When 16 year-old Jamie begins a friendship with a charismatic man, his world becomes threatened by his loyalty and fear of his newfound father figure, John Bunting: Australia’s most notorious serial killer.
â€śSnowtownâ€ť is not a horror film but does deal with a true life situation that was pretty damn horrific. Based on the â€śSnowtown murdersâ€ť case (also known as the Bodies in Barrels murders), this is one of those films that really does pack a punch. Bleak and depressing, the film is hard to sit through (mostly due to the subject matter, partially because it feels 20min too long). First time feature director Justin Kurzel dives right into the shallow end of the pool and takes his time coming up for air. With a cast of mostly unknowns, he delivers a shocking portrait of Australiaâ€™s most notorious serial killer.
Sixteen year old Jamie (Lucas Pittaway) lives with his mother Elizabeth (Louise Harris) and two younger brothers. Where they live isnâ€™t exactly the best place for three young boys to grow up. They are surrounded by filth, drugs, and pedophiles. The boys are abused and raped, on more than one occasion. Then along comes John (Daniel Henshall) who treats the younger siblings as sons, and Jamie an adult. They respect John and like him, so much so that Jamie canâ€™t believe it when he finds out that his newly found father figure is a cold blooded killer who targets people that he believes deserving. John tries to draw Jamie in to his gang, forcing him to watch, as well as help to dispose of bodies. As John grows increasingly vicious, he finds it much more difficult to participate.
The thing about â€śSnowtownâ€ť is that it really isnâ€™t pleasant to watch. There are moments of prolonged torture that in the context it is presented, as a true story, it is much more difficult to deal with than usual. This is a well-documented case that occurred from 1992 to 1999. Iâ€™m not sure exactly how close, though I did research the case a bit after viewing the film and it was pretty damn close. As intriguing as the film is, my main issue is that the film felt overly long. I wouldnâ€™t say that I was ever bored, just that there should have been a few nips to take out some of the drag in a few overly long sequences.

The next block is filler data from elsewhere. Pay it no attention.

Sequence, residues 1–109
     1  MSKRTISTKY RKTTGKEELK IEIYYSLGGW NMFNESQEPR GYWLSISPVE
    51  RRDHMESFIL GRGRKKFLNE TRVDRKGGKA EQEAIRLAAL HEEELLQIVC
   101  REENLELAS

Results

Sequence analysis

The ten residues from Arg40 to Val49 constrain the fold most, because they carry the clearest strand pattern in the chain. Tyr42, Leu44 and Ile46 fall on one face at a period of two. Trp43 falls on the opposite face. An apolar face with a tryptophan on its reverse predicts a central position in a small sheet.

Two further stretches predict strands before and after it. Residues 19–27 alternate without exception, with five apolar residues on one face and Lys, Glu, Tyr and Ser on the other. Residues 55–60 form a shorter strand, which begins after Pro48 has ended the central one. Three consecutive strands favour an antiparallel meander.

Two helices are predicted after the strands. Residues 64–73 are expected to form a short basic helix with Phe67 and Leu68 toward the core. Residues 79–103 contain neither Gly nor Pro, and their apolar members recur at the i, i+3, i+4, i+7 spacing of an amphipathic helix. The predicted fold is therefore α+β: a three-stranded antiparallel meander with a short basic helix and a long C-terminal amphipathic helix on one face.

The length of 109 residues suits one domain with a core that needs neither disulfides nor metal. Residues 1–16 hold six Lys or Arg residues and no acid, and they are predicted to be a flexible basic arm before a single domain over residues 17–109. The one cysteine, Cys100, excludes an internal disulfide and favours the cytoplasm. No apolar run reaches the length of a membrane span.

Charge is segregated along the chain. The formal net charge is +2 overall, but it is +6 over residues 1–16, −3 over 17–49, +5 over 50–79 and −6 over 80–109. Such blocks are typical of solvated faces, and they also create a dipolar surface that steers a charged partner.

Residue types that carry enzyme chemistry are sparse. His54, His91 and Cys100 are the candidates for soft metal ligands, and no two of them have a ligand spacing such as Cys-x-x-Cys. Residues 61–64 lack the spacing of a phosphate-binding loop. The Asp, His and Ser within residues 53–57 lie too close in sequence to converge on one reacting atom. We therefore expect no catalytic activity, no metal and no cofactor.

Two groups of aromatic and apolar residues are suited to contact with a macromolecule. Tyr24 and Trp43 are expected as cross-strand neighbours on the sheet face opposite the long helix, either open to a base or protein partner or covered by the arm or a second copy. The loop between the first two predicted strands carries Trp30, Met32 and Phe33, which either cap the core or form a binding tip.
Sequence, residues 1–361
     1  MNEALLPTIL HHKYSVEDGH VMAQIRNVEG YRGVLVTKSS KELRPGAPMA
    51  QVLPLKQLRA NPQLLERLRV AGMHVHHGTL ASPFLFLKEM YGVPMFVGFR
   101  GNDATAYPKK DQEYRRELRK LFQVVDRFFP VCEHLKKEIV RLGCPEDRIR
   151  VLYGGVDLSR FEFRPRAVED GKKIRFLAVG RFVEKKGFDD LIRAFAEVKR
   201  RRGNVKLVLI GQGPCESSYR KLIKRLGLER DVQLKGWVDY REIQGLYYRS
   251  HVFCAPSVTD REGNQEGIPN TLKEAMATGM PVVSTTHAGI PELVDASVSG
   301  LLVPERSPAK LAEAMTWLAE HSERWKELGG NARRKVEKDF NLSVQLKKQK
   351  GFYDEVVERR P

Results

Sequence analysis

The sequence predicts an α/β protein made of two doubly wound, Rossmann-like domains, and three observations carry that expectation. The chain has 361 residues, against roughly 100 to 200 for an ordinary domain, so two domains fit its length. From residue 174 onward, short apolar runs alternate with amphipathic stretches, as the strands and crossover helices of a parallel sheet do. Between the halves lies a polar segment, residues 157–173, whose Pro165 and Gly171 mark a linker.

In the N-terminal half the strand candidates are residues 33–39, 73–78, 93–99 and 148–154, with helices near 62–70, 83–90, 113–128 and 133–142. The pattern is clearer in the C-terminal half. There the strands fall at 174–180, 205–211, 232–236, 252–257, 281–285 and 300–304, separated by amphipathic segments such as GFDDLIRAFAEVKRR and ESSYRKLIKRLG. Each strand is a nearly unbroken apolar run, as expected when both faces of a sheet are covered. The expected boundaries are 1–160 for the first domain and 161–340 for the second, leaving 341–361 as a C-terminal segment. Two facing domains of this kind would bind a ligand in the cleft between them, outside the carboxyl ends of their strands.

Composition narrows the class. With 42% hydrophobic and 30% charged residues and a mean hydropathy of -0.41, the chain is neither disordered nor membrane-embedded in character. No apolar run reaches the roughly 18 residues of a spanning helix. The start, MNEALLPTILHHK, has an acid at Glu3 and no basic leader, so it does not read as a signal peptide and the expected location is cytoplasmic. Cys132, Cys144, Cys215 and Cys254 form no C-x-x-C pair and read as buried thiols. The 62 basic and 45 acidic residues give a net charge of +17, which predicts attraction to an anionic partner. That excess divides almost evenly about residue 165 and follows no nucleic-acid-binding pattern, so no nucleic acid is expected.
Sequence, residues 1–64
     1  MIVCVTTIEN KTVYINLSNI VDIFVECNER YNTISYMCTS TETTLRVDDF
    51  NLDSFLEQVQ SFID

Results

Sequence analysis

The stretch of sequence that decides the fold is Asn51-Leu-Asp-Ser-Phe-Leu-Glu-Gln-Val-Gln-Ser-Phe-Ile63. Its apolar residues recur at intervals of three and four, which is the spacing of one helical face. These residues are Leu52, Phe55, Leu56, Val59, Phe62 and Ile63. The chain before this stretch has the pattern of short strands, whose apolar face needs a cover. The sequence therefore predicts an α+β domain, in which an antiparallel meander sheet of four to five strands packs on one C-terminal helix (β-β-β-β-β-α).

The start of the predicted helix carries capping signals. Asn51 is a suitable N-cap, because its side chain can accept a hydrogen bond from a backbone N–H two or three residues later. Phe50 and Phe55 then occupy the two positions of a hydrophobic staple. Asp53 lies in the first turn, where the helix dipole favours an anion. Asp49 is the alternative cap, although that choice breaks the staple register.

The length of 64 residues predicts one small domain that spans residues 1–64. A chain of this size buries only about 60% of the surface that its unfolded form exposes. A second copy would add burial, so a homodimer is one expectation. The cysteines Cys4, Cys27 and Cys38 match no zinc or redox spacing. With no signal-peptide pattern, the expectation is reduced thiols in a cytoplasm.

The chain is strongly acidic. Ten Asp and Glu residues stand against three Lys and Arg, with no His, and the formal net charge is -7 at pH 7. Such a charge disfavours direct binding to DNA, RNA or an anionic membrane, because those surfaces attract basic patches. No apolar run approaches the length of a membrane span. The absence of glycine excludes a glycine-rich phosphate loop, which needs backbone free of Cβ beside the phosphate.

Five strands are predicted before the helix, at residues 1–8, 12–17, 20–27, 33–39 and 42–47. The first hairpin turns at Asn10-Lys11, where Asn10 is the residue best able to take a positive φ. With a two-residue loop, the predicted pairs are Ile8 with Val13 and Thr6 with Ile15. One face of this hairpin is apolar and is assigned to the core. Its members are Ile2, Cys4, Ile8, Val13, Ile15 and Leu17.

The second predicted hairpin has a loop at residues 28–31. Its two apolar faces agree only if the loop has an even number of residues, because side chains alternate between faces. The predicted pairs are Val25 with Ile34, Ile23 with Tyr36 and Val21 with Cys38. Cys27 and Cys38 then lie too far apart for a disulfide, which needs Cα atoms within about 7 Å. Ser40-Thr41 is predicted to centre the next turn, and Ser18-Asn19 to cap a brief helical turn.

One thing for sure about this film, Daniel Henshall is freaking terrifying. His performance is so convincing that you believe that he IS John Bunting. The way he flicks the switch from the sadistic to the caring father figure is incredible. Much like Eric Bana launching his career with â€śChopperâ€ť, â€śSnowtownâ€ť is going to be Henshallâ€™s launching pad. Lucas Pittawayâ€™s portrayal of Jamie is sweet and vulnerable. When he is forced to be an accomplice, he loses that, and we as an audience lose a piece as well. During an extended torture sequence, it is almost hard to distinguish between who is actually being tortured, Jamie or the handcuffed victim. The entire cast really is superb and they are invaluable in creating such a strong picture. It will be interesting to see where Justin Kurzel takes himself as a filmmaker after this one. Such a strong debut feature that his sophomore effort could really blow us away.
Itâ€™s a shame that we have to live in a world where there is so much violence. Thankfully there are a few directors out there that arenâ€™t afraid to show us how despicable many of us have become. Most of us donâ€™t want to see it but maybe we should. If we see it with our own eyes, maybe we can prevent things like this from happening. Iâ€™m giving â€śSnowtownâ€ť **** out of 5 stars. I would have given it 5 if it hadnâ€™t been for the filmsâ€™ pacing issues. Not for everyone, this is a dark slice of reality that quickly draws you in. A hard-hitting, harrowing film with some truly career defining performances that NEED to be seen. John Bunting is a horrifying character, amplified by the fact that he isnâ€™t just a character, he is real.